I like doing what I like to do.
This statement seems simplistic at best.
Don’t we all like doing what we like to do?
The problem, for most of us is that we don’t spend most of our time doing it. Much of our time is spent avoiding what we don’t like, procrastinating, and then painfully doing it anyway. Is it better to beg, barter, or pay for the freedom of doing more of what you like? My answer is “maybe.”
One of my responsibilities as an elementary student was to iron my blouses for school. Blouses were cotton. Cotton was very different back in the day. Not a blend. Not wash and wear. Rough dried. Wrinkles on top of wrinkles. I’d have to sprinkle water, roll them up, and then carefully press with a super-hot iron. Maybe spray starch, as well. This was one of my least favorite things to do, but girls and boys needed white shirts for assembly every Friday. This particular week, all four of my white blouses were washed and rough dried. School assembly was the next day. What’s a girl to do?
I received a dollar allowance every week for much of my growing up. A dollar, in my world, was worth 200 pieces of a variety of candies, and gum; ten Ring Dings; or one movie. Or a dollar could pay for what I didn’t want to do. My idea was clear. Ask my aunt to complete the task I dreaded, for a fee, in order for me to have more time to do what I enjoyed. As far as I was concerned, paying her my allowance freed me to do something I liked to do: rollerskate; ride my bicycle; cut out paper dolls; or read. I mean, it was .25 cents a blouse. Totally worth it to me!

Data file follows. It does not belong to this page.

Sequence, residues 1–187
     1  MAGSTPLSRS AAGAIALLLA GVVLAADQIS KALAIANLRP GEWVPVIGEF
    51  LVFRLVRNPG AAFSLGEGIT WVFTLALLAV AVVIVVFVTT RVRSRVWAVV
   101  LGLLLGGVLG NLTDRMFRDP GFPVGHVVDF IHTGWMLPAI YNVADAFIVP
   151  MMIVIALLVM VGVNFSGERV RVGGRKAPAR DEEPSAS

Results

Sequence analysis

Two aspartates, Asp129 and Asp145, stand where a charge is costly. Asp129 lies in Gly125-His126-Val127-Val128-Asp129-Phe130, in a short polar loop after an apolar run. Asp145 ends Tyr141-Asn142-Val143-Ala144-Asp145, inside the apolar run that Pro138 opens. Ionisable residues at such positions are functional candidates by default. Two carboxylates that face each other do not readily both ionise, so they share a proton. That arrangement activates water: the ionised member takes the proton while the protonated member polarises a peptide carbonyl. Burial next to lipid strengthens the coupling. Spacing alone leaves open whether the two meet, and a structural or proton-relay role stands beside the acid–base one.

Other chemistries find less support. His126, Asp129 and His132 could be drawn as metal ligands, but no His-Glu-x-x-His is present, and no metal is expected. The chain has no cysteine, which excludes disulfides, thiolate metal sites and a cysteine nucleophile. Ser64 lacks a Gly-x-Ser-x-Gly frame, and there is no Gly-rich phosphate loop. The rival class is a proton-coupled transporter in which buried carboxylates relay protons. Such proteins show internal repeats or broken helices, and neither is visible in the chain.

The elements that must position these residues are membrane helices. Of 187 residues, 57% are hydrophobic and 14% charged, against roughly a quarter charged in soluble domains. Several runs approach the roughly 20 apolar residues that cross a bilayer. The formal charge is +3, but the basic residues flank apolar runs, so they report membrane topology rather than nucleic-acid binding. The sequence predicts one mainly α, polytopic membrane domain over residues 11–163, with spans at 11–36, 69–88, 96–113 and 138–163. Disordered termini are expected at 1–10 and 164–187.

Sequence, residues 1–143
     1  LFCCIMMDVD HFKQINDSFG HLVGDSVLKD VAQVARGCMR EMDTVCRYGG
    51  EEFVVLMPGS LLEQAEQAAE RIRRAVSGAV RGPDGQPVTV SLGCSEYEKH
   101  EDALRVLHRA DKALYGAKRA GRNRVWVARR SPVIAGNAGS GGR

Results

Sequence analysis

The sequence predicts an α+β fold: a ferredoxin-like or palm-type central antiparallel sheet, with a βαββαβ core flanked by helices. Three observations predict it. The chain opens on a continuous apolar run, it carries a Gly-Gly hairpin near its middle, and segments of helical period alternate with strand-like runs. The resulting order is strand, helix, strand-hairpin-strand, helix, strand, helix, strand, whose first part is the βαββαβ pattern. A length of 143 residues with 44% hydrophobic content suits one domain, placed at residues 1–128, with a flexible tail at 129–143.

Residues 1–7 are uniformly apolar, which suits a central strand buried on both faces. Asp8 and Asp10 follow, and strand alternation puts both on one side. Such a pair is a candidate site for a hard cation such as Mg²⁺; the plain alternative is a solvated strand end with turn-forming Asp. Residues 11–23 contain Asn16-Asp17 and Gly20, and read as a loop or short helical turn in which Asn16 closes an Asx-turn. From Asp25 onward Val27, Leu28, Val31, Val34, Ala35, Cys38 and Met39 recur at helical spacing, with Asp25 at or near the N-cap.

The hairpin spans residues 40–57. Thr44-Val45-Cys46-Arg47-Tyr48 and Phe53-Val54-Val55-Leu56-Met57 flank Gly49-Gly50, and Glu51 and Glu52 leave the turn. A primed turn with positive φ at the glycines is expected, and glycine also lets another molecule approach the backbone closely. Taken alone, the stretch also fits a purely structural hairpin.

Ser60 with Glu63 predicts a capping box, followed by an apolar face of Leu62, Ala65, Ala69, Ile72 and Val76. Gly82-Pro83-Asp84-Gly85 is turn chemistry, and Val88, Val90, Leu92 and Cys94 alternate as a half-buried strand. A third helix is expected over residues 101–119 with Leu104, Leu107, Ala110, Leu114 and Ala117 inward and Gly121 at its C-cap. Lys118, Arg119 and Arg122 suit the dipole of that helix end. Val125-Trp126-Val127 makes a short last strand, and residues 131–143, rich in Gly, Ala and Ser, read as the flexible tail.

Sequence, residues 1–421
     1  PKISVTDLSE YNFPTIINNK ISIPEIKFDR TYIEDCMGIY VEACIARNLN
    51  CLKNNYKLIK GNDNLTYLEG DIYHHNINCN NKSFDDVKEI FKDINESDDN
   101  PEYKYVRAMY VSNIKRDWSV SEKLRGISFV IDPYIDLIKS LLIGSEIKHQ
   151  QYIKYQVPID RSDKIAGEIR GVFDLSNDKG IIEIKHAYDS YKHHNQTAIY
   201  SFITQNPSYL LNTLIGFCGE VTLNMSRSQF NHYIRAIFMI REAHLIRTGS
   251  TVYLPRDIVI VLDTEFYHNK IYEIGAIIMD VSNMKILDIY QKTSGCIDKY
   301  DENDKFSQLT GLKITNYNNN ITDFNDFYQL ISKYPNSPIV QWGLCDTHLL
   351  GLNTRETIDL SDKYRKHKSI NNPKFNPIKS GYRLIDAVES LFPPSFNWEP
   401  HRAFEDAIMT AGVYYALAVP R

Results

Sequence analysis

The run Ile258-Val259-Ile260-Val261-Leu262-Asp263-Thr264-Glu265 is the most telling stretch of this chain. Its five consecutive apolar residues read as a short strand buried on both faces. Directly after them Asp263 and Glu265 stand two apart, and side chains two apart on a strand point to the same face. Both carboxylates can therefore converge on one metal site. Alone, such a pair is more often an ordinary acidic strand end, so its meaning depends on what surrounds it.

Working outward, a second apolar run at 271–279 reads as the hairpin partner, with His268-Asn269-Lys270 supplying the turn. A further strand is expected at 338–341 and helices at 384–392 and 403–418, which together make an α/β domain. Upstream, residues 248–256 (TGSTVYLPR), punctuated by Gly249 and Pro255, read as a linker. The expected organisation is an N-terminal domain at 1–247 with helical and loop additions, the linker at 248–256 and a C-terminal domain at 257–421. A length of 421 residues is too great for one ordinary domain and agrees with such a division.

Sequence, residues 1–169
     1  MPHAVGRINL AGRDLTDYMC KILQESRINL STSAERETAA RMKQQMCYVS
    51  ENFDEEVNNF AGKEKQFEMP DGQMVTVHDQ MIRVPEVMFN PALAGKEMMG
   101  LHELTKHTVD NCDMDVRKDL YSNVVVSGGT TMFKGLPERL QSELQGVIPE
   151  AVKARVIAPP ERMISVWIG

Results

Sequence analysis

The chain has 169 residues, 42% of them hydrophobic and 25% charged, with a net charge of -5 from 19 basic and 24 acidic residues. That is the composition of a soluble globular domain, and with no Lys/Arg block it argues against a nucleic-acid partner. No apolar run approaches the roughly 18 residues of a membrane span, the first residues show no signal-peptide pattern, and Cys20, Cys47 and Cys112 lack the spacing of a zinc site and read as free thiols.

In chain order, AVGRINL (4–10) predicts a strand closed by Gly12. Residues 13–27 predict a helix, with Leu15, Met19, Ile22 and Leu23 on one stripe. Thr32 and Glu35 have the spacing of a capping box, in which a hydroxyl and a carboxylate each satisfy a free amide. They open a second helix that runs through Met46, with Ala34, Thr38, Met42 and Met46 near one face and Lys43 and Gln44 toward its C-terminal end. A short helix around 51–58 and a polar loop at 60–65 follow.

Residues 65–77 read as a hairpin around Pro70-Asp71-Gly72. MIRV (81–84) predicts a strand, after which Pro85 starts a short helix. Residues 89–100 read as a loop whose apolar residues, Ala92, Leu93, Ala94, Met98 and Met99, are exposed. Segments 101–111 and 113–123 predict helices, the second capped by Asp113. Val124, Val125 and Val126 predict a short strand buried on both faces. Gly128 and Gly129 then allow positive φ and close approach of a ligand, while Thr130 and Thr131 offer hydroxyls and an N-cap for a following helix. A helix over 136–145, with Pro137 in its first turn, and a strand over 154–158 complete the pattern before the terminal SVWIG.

I did have multiple streams of income back them. I returned soda bottles (5 cents for the large bottles, two cents for the small.) I was a PK (preacher’s kid). Parishioners often gave my brother and me a quarter or even a dollar on Sundays. I certainly loved my grandparents, but in addition to the love they sometimes gave us an extra dollar.
But if I didn’t have the finances, I might have tried to barter, for instance, offer to go to the store for my aunt when she didn’t want to go. The only snag would be, as a child you don’t have much to barter with because if adults told you to do something, you just did it.
There is just so much time in a day. You can’t get everything done, especially if you try to do it all yourself. So now I’m all grown up. And I still like doing what I like to do. So, I prioritize. I find opportunities to choose what brings me joy, and make the time to do them. I have to decide which things must be done, that only I can do; cross off the time wasters; then delegate some of the other stuff. I’m still left with pain in the neck stuff…but a lot less of it and more time to enjoy. I’m willing to pay to make the time to play.
Love and realness,